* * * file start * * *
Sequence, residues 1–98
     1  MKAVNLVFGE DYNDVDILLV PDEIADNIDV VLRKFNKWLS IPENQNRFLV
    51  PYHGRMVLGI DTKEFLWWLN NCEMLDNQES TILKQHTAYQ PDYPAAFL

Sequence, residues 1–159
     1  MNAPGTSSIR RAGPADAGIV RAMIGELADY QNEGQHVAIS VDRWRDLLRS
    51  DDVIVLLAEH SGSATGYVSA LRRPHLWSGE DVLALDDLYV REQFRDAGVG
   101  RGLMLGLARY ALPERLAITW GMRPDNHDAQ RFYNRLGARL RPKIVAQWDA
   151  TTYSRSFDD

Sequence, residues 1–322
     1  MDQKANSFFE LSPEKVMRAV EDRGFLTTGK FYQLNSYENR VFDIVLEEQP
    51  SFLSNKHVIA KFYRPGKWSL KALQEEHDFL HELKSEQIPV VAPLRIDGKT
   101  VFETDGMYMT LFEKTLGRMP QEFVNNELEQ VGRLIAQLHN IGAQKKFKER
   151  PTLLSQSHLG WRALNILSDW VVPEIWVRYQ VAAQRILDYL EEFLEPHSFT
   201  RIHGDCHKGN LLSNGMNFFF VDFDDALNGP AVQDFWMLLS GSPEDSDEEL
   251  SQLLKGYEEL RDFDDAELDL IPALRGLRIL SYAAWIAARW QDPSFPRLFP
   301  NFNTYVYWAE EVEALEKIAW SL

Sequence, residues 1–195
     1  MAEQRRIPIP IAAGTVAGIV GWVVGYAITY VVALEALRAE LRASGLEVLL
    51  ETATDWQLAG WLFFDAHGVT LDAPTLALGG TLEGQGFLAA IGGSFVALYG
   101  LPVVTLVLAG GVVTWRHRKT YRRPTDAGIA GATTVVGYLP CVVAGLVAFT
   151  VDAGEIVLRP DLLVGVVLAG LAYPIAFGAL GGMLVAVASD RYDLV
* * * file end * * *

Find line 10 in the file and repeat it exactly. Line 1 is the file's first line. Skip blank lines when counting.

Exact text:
     1  MDQKANSFFE LSPEKVMRAV EDRGFLTTGK FYQLNSYENR VFDIVLEEQP